7.  After Peter went to Cornelius house and met Cornelius and his household, but before he preached the gospel unto them, he made this observation: "Then Peter opened his mouth, and said, Of a truth I perceive that God is no respecter of persons: But in every nation he that feareth him, and worketh righteousness, is accepted with him."  Peter not only acknowledged that God does not respect the Jew over the Gentile, but he also stated that those who fear him and work righteousness are already accepted with God.  Thus, Peter acknowledged that Cornelius and his household were already born of the Spirit of God and accepted with God before Peter preached to them.

            Based on the seven undeniable proofs above, we are forced to the conclusion that the gospel cannot be the means by which one is born of the Spirit or saved from their sins.  What then is the purpose of the gospel?  This testimony about Cornelius in Acts chapters 10 and 11 tells us several things in which the gospel benefits God's born again people:

                        1.  The gospel tells us about Jesus, both who he is and what he has done for us: Peter preached to Cornelius and his household and friends the following "How God anointed Jesus of Nazareth with the Holy Ghost and with power: who went about doing good, and healing all that were oppressed of the devil; for God was with him.  And we are witnesses of all things which he did both in the land of the Jews, and in Jerusalem; whom they slew and hanged on a tree: Him God raised up the third day, and showed him openly."  Thus, Peter preached the life, and the death, burial, and resurrection of Jesus Christ.  Peter also preached of the things that Jesus did.  Among the things that Jesus did are that he saved his people from their sins, established and built his church, and gave his people a kingdom here on earth.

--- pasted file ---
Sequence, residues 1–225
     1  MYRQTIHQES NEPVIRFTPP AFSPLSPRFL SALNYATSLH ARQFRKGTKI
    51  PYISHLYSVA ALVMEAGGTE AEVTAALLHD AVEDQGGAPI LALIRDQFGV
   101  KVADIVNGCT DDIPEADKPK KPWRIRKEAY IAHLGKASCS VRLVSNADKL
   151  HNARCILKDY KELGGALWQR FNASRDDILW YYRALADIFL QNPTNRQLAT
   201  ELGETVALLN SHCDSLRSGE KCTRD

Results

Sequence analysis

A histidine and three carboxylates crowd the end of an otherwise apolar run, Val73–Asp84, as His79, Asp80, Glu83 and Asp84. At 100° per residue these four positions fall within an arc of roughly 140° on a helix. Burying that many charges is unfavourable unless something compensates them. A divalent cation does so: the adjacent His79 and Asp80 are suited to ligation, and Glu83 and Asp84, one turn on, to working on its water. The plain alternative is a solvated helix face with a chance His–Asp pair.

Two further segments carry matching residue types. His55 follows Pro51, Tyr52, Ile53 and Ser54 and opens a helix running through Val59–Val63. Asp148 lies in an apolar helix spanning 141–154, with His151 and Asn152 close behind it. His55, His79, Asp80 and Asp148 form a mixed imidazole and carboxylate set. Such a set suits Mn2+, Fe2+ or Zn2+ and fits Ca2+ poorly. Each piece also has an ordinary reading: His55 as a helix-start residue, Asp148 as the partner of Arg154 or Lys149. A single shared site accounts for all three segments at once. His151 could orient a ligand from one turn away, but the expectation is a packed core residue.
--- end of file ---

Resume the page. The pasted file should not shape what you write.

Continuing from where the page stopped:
2.  The gospel instructs the Lords people on the things that they ought to do: Acts 10:5, 6 "And now send men to Joppa, and call for one Simon, whose surname is Peter: He lodgeth with one Simon a tanner, whose house is by the sea side: he shall tell thee what thou oughtest to do."  The gospel tells us what we ought to do as children of God.  It tells about our duty to repent, to press into the Lord's Kingdom church through water baptism, to live lives separate from the world.  It also tells us how we ought to behave ourselves and saves ourselves in an untoward world.  It tells us how we are to behave ourselves as husbands, wives, children, servants, masters, etc.  It tells us how we ought to worship and how we ought to conduct ourselves in the Lord's church. 

                        3.  While the gospel does not save us from our sins, or cause us to be born again, or give us a home in glory, yet it does save us here in time from an untoward generation and to a knowledge of the truth and to worship and serve God in Spirit and in truth in His church: Acts 11:12-14 "And the Spirit bade me go with them, nothing doubting. Moreover these six brethren accompanied me, and we entered into the man's house: And he showed us how he had seen an angel in his house, which stood and said unto him, Send men to Joppa, and call for Simon, whose surname is Peter; Who shall tell thee words, whereby thou and all thy house shall be saved." 

                        4.  Through the preaching of the gospel and belief of the gospel message we are informed that our sins have been remitted: Acts 10:43 "To him give all the prophets witness, that through his name whosoever believeth in him shall receive remission of sins."

Elder Vernon Johnson